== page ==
Then say, one of our other customers Iris Works, so they provide a solution for photographers, and photography studios, and these things had to happen, they have to happen face to face. The principle of photography is you’re kind of in the same place as someone. Especially with the kind of way photographers work. That is, the session after the photo session is where like the money is made. You go through, you pick your photos, and you kind of you cringe at some and love others and your partner likes the one that you don’t like all that kind of stuff happens.
But that all happens face to face. And suddenly they couldn’t do that face to face. So they’ve had to start to do that remotely. And what’s challenging, I think is it changes the whole buying process of people as well. So whereas you could pick up those cues and work out who was going to make the decision, trying to do that in a in a kind of remote sense, changes that the dynamic of that sales process immensely for those people?
Billy: I would think so, I would think so. So, I mean, obviously, we’re doing a lot more scheduling for remote meetings, across industries. I mean, we used to go out and visit our customers if they were close at least once a month, if we had to travel, usually quarterly. And we haven’t seen anybody. Yeah, since the first week of March, we were in New York to visit some customers and two or three days after we got home, they were shutting New York down. And that’s the last time we’ve traveled.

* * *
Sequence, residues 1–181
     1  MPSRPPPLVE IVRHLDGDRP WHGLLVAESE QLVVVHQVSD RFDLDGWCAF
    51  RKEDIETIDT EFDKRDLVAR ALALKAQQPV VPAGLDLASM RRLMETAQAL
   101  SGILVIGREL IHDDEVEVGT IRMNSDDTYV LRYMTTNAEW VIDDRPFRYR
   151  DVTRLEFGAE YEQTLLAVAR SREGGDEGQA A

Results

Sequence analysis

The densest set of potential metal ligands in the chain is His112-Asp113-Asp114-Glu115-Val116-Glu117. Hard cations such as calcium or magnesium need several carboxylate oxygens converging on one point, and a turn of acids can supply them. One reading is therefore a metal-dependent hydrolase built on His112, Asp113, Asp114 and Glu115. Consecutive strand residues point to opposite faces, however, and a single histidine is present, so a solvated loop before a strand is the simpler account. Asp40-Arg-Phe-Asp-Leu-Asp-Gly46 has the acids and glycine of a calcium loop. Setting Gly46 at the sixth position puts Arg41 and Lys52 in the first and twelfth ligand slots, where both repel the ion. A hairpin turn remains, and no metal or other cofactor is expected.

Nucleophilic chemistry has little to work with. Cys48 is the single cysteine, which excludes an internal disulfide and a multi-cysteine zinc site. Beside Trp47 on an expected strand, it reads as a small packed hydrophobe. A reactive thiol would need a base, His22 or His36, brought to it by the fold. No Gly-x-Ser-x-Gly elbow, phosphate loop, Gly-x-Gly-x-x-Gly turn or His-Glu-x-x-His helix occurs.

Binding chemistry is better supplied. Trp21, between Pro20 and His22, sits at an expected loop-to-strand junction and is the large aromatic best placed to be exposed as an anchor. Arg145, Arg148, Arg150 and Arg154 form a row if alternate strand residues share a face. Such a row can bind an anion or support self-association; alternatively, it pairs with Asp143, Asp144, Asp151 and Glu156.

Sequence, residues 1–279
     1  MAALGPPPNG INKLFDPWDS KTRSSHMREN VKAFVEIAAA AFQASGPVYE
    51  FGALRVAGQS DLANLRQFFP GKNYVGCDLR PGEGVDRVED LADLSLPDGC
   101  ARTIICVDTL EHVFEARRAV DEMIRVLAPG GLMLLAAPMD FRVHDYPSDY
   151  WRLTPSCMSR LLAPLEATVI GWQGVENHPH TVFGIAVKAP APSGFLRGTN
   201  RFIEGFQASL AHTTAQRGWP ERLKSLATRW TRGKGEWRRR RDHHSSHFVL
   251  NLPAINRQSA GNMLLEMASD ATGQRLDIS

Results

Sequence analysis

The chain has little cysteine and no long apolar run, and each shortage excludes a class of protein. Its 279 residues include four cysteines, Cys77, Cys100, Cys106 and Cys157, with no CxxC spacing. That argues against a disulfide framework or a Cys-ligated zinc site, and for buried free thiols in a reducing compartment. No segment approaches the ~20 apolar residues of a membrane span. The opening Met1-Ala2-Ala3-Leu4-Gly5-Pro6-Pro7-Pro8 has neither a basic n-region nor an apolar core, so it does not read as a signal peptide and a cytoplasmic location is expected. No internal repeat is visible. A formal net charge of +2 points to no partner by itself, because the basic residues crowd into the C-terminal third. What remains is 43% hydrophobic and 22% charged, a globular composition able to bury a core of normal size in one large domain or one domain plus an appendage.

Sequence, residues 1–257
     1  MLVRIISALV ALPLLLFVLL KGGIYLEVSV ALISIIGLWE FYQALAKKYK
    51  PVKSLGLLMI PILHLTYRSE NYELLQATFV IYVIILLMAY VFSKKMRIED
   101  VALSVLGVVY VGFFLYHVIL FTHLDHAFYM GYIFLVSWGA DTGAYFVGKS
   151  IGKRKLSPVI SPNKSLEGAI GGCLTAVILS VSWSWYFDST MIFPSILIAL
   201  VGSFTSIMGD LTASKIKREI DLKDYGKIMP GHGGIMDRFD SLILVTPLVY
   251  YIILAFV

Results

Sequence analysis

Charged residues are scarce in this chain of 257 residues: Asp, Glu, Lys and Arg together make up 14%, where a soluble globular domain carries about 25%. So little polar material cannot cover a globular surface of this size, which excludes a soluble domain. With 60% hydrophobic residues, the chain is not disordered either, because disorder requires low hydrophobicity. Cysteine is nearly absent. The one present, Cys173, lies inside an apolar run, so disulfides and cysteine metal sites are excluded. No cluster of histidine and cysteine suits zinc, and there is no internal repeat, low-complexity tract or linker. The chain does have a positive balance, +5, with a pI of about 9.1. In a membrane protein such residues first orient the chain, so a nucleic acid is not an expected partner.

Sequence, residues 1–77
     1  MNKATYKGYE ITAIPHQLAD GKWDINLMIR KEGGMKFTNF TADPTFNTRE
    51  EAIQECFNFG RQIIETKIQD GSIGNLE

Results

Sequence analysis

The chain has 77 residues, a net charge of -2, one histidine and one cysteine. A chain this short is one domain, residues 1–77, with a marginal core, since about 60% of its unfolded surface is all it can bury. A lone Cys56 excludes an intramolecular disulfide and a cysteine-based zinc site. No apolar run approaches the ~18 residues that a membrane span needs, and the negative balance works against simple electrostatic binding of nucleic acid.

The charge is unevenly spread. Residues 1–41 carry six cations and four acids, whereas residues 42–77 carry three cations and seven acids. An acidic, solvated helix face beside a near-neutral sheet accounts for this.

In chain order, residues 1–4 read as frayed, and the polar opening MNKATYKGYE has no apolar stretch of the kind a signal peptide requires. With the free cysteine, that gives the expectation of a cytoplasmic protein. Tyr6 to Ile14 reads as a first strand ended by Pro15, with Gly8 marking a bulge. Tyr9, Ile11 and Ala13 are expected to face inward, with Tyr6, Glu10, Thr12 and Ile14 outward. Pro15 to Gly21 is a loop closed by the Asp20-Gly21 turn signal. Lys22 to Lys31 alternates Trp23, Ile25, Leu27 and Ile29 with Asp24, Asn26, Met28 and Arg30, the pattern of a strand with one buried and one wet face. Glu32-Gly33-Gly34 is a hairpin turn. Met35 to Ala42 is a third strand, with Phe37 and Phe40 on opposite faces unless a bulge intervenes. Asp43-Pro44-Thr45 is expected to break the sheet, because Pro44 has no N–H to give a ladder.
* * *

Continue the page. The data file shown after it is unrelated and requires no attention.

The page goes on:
What do you think like with the Iris Works? How that transition going for companies like that, where they they’re like, okay, everything used to be face to face. And now I’m figuring out how to do it remote. What are some of the challenges you guys are hearing that they’re having?
Adapting to Remote Collaboration
Adam: I think you’d like to say it changes the nature of the interaction. And again, we see this with an interview as well. As social animals, we’re so used to taking cues around the way people hold themselves, the way people move. That kind of chit chat and discourse around things. It’s all part of the impression we’re building of people and certainly from any kind of sales process. That’s a social process anyway, as is an interview process. But I think the flip side is, the transition has happened so quickly because all of the tooling has been in place. Nothing’s kind of been invented in the last six months, that hasn’t been around for years. What happened is suddenly everyone’s had to deal with it. They’ve had to, it’s sink or swim.